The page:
I am trying to prove that the dimension of an eigenspace is 1 $ \leq$ dim $V_{\lambda_i}$ $\leq m_i$. Where $m_i$ is the multiplicity of the eigenvalue $\lambda_i$.

What I have done is the following:

Let $V_{\lambda_i}$ be defined as:

$V_{\lambda_i} = \{v \in V | Tv=\lambda_iv\}$


$V_{\lambda_i}$ = ker $(T-\lambda_i)$

Which would lead to:

dim $V_{\lambda_i} =$ nullity $(T-\lambda_i)$

But how can I prove that $1\leq$ nullity $(T-\lambda_i) \leq m_i$?

  • $\begingroup$ By definition of $\lambda_i$ being an eigenvalue, the dimension is always $\geq 1$. To prove the other inequality, one approach is to consider a basis for the eigenspace, extend it to the a basis for the whole vector space $V$, and consider the matrix of $T$ relative to that basis. Calculate the characteristic polynomial; it will have $(t-\lambda_i)^{\dim V_{\lambda_i}}$ as a factor; hence the dimension of $V_i$ is $\leq$ the multiplicity $m_i$. But really, this should be proven in pretty much any decent linear algebra book $\endgroup$
    – peek-a-boo
    Commented Apr 27, 2020 at 1:31

2 Answers 2


Here is one way of going about this problem:

  1. If $\vec{v}_1, \vec{v}_2, \cdots \vec{v}_k$ are all linearly independent eigenvectors of $T$ with eigenvalue $\lambda_i$, show that $T = S M S^{-1}$, where $M$ takes form $$\begin{bmatrix} \lambda_i I_k & B \\ 0 & D \end{bmatrix}$$ where $B$ and $D$ are arbitrary, and $I_k$ is the $k \times k$ identity matrix. Hint: what is $T$ in a basis $\beta$ that contains all of $\vec{v}_1$ through $\vec{v}_k$?

  2. Show that the characteristic polynomial of $M$ is of form $p_M(\lambda) = (\lambda - \lambda_i)^k q(\lambda)$, where $q$ is just some arbitrary polynomial in $\lambda$. Since $M$ is similar to $T$, it would follow they have the same characteristic polynomial (why?), and thus the algebraic multiplicity of $\lambda_i$ for $T$ would have to be at least $k$, by the definition of algebraic multiplicity using the characteristic polynomial.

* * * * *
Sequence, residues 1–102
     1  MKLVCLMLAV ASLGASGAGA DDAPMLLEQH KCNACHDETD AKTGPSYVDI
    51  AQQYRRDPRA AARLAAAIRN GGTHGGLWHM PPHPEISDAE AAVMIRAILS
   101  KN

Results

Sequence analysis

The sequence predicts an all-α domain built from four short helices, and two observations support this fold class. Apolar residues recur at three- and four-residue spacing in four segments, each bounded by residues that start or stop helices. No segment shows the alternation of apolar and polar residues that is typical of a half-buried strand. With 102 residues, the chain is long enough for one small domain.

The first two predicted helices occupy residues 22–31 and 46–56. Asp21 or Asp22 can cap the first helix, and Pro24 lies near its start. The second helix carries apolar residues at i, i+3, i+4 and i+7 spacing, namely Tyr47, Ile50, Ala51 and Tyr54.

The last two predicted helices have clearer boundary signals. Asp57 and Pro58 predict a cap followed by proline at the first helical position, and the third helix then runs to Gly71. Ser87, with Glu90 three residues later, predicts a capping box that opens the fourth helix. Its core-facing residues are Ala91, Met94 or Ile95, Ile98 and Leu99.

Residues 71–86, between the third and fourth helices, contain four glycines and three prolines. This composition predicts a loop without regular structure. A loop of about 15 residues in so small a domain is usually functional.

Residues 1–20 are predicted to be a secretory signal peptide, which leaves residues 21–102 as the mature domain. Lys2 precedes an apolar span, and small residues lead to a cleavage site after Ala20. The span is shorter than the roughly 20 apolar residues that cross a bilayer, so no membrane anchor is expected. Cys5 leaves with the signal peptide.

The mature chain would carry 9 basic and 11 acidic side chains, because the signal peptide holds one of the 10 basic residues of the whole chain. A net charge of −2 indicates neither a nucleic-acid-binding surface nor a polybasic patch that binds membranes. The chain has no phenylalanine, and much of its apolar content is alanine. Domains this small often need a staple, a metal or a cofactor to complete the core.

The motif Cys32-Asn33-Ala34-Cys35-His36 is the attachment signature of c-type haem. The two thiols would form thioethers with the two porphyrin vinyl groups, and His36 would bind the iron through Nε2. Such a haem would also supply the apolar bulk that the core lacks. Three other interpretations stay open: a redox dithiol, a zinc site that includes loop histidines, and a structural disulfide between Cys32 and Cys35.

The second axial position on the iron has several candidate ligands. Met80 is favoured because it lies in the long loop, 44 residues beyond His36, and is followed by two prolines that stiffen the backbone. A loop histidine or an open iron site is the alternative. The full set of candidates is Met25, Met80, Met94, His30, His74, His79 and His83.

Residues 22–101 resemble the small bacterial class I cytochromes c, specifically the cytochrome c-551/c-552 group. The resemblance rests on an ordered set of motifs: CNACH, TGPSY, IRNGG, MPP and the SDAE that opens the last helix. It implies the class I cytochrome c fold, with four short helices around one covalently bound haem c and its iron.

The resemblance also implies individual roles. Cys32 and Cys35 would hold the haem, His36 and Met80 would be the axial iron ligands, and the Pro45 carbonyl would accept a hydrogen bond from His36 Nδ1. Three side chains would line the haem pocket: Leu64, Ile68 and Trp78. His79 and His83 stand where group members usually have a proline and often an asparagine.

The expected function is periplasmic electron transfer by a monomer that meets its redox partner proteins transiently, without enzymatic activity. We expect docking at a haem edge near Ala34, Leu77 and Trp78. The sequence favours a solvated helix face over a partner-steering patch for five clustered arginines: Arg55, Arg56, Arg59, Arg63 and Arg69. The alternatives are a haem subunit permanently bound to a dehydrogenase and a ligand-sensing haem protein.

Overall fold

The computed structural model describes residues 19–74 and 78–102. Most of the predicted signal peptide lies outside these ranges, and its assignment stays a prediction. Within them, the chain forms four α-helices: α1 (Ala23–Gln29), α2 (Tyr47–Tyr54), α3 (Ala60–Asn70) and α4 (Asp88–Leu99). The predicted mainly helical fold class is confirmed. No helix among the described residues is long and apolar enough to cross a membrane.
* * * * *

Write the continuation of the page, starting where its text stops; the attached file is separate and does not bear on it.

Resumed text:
Steps 1 and 2 would prove that the geometric multiplicity (dimension of the eigenspace) is always less than or equal to the algebraic multiplicity, as one can take all $\dim V_{\lambda_i}$ eigenvectors of $T$ with eigenvalue $\lambda_i$ in step 1.


In accordance to @paulinho's answer, given a linear operator $T:V\rightarrow V$ defined on a finite dimensional vector space $V$ over the field $\textbf{F}$, consider the eigenspace $E_{\lambda}$ associated to some eigenvalue $\lambda$, assuming that there is one.

Since $E_{\lambda} = \ker(T-\lambda I)\subseteq V$, we may consider a basis $\mathcal{B}_{\lambda} = \{v_{1},v_{2},\ldots,v_{m}\}$ for $E_{\lambda}$ and extend it to a basis $\mathcal{B}_{V} = \{v_{1},v_{2},\ldots,v_{m},v_{m+1},\ldots,v_{n}\}$ where $n = \dim V$.

Consequently, the matrix representation of $T$ associated to $\mathcal{B}_{V}$ is given by \begin{align*} [T]_{\mathcal{B}_{V}} & = [T(v_{1})^{T},T(v_{2})^{T},\ldots,T(v_{m})^{T},T(v_{m+1})^{T},\ldots,T(v_{n})^{T}]\\\\ & = [\lambda v^{T}_{1},\lambda v^{T}_{2},\ldots,\lambda v^{T}_{m},T(v_{m+1})^{T},\ldots,T(v_{n})^{T}]= \begin{bmatrix} \lambda I_{m} & A\\ O & B \end{bmatrix} \end{align*}

Therefore the characteristic polynomial of $T$ is given by \begin{align*} p(t) = \det\begin{bmatrix} (\lambda - t)I_{m} & A\\ O & B - tI_{n-m} \end{bmatrix} & = \det((\lambda - t)I_{m})\det(B - tI_{n-m})\\\\ & = (\lambda - t)^{m}g(t) \end{align*} where $g(t)$ is a polynomial of degree $n - m$, which may have $\lambda$ as a root.

Based on such considerations, we conclude that algebraic multiplicity of $\lambda$ is greater than or equal to $m = \dim E_{\lambda}$, and we are done.

Hopefully this helps.


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